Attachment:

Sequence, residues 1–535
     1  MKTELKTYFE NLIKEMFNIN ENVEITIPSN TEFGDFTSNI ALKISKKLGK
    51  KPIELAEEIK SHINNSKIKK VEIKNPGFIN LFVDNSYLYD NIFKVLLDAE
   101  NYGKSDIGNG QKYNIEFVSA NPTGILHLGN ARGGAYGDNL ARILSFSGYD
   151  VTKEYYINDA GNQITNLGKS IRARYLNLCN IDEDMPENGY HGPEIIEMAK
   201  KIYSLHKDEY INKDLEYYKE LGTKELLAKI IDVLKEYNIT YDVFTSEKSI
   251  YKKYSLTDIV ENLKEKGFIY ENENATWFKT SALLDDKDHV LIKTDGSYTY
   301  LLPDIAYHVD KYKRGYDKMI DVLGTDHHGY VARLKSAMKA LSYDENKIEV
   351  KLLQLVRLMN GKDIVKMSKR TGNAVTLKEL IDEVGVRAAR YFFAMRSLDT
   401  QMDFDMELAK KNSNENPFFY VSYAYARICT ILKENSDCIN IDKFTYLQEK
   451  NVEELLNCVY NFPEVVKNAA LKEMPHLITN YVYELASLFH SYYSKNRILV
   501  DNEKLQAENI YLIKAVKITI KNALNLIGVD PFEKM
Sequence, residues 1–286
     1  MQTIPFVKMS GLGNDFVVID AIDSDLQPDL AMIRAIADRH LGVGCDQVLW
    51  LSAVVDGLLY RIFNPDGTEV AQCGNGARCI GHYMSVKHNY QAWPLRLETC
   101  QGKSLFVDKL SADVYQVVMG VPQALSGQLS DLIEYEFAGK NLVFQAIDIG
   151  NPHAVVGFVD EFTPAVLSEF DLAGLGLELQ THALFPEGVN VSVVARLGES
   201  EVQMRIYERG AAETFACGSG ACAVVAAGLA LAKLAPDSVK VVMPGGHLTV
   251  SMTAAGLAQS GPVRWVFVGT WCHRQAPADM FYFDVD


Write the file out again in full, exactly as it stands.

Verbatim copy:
Sequence, residues 1–535
     1  MKTELKTYFE NLIKEMFNIN ENVEITIPSN TEFGDFTSNI ALKISKKLGK
    51  KPIELAEEIK SHINNSKIKK VEIKNPGFIN LFVDNSYLYD NIFKVLLDAE
   101  NYGKSDIGNG QKYNIEFVSA NPTGILHLGN ARGGAYGDNL ARILSFSGYD
   151  VTKEYYINDA GNQITNLGKS IRARYLNLCN IDEDMPENGY HGPEIIEMAK
   201  KIYSLHKDEY INKDLEYYKE LGTKELLAKI IDVLKEYNIT YDVFTSEKSI
   251  YKKYSLTDIV ENLKEKGFIY ENENATWFKT SALLDDKDHV LIKTDGSYTY
   301  LLPDIAYHVD KYKRGYDKMI DVLGTDHHGY VARLKSAMKA LSYDENKIEV
   351  KLLQLVRLMN GKDIVKMSKR TGNAVTLKEL IDEVGVRAAR YFFAMRSLDT
   401  QMDFDMELAK KNSNENPFFY VSYAYARICT ILKENSDCIN IDKFTYLQEK
   451  NVEELLNCVY NFPEVVKNAA LKEMPHLITN YVYELASLFH SYYSKNRILV
   501  DNEKLQAENI YLIKAVKITI KNALNLIGVD PFEKM
Sequence, residues 1–286
     1  MQTIPFVKMS GLGNDFVVID AIDSDLQPDL AMIRAIADRH LGVGCDQVLW
    51  LSAVVDGLLY RIFNPDGTEV AQCGNGARCI GHYMSVKHNY QAWPLRLETC
   101  QGKSLFVDKL SADVYQVVMG VPQALSGQLS DLIEYEFAGK NLVFQAIDIG
   151  NPHAVVGFVD EFTPAVLSEF DLAGLGLELQ THALFPEGVN VSVVARLGES
   201  EVQMRIYERG AAETFACGSG ACAVVAAGLA LAKLAPDSVK VVMPGGHLTV
   251  SMTAAGLAQS GPVRWVFVGT WCHRQAPADM FYFDVD